HARPER v. HAN CHANG

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Supreme Court, Appellate Division, Fourth Department, New York.

Nancy M. HARPER and William Harper, Plaintiffs-Appellants, v. Dr. HAN CHANG, Defendant-Respondent.

Decided: December 30, 1999

PRESENT:  PINE, J.P., WISNER, HURLBUTT and BALIO, JJ. Gerald T. Walsh, Buffalo, for plaintiffs. Jeffrey C. Sendziak, Buffalo, for defendant-respondent.

 Supreme Court did not abuse its discretion in denying plaintiffs' cross motion for an adjournment and dismissing the complaint (see, Herbert v. Edwards Super Food Stores-Finast Supermarkets, 253 A.D.2d 789, 677 N.Y.S.2d 617;  Paulino v. Marchelletta, 216 A.D.2d 446, 628 N.Y.S.2d 541).   The determination whether to adjourn a trial “is addressed to the discretion of the trial court and should not be interfered with absent a clear abuse thereof” (Blunt v. Northern Oneida County Landfill, 145 A.D.2d 913, 536 N.Y.S.2d 295).   While “[l]iberality should be exercised in granting postponements or continuances of trials to obtain material evidence and to prevent miscarriages of justice” (Balogh v. H.R.B. Caterers, 88 A.D.2d 136, 141, 452 N.Y.S.2d 220), an adjournment is properly denied where the unavailability of a witness is due to a failure to exercise due diligence (see, Herbert v. Edwards Super Food Stores-Finast Supermarkets, supra;  Paulino v. Marchelletta, supra;  Le Jeunne v. Baker, 182 A.D.2d 969, 582 N.Y.S.2d 564).   Here, the cross motion for an adjournment, made on the eve of trial of this medical malpractice action, was predicated upon the unavailability of plaintiffs' expert medical witness.   The record demonstrates, however, that plaintiffs' attorney had known for at least eight months that the medical expert, who had moved to New Mexico, would not come to New York for trial, and plaintiffs failed to exercise due diligence to remedy the unavailability of that expert.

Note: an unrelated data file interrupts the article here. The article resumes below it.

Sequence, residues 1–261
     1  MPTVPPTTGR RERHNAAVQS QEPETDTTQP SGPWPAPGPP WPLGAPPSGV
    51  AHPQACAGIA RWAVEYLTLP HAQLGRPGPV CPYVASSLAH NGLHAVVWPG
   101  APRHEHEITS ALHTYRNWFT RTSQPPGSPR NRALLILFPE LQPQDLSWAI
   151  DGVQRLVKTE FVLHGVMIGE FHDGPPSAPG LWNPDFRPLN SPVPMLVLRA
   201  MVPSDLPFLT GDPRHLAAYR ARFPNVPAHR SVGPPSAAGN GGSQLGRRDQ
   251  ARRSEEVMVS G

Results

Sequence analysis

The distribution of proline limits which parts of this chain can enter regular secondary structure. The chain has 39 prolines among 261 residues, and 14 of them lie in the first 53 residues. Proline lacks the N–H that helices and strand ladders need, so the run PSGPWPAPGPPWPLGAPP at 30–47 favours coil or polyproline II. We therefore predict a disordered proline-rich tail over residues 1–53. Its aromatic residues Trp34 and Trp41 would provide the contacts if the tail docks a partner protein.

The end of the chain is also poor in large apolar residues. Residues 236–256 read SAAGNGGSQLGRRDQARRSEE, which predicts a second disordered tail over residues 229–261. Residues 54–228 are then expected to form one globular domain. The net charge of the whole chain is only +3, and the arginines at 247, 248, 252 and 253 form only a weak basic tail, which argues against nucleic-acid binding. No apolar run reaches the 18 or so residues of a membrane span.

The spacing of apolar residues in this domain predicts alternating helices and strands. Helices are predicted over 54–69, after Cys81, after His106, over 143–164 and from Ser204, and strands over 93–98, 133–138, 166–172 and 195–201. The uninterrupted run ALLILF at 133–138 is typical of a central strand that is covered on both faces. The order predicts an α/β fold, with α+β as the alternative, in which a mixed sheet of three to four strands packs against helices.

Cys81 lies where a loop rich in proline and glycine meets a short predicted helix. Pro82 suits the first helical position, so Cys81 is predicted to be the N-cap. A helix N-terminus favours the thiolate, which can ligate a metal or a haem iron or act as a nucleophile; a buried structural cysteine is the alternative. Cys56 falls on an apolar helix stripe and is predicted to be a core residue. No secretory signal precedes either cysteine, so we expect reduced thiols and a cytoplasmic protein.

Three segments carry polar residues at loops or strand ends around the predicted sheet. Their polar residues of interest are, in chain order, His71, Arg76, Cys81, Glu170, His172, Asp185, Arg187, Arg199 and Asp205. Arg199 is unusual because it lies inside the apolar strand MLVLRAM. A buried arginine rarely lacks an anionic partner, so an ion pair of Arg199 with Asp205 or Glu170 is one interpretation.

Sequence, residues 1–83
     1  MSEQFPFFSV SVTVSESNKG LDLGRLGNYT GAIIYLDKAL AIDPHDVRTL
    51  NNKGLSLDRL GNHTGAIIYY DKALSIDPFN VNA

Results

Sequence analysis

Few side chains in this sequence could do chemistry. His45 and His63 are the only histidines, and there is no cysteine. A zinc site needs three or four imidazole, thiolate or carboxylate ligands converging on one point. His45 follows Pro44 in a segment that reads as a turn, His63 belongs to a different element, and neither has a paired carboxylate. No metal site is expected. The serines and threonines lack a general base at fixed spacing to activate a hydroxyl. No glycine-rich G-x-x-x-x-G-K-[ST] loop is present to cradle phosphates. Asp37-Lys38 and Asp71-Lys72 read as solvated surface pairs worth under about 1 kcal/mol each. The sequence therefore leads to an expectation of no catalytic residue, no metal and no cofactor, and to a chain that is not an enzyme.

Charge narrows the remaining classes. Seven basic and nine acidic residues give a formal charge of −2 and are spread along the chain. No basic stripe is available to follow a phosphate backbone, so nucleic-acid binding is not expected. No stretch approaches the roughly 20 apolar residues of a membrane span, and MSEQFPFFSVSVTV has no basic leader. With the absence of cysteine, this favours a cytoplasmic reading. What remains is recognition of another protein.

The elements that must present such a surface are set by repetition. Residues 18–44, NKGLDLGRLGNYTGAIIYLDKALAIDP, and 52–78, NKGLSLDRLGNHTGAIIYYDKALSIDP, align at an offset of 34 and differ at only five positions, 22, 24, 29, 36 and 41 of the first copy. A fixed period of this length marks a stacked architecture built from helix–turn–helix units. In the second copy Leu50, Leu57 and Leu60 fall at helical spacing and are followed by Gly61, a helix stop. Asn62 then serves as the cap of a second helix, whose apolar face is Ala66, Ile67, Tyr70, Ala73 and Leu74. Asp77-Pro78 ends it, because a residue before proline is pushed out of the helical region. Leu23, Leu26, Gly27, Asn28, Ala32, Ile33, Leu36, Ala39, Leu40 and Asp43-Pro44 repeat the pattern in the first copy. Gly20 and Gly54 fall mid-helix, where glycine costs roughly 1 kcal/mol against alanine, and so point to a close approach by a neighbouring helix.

Order unanimously affirmed without costs.

MEMORANDUM: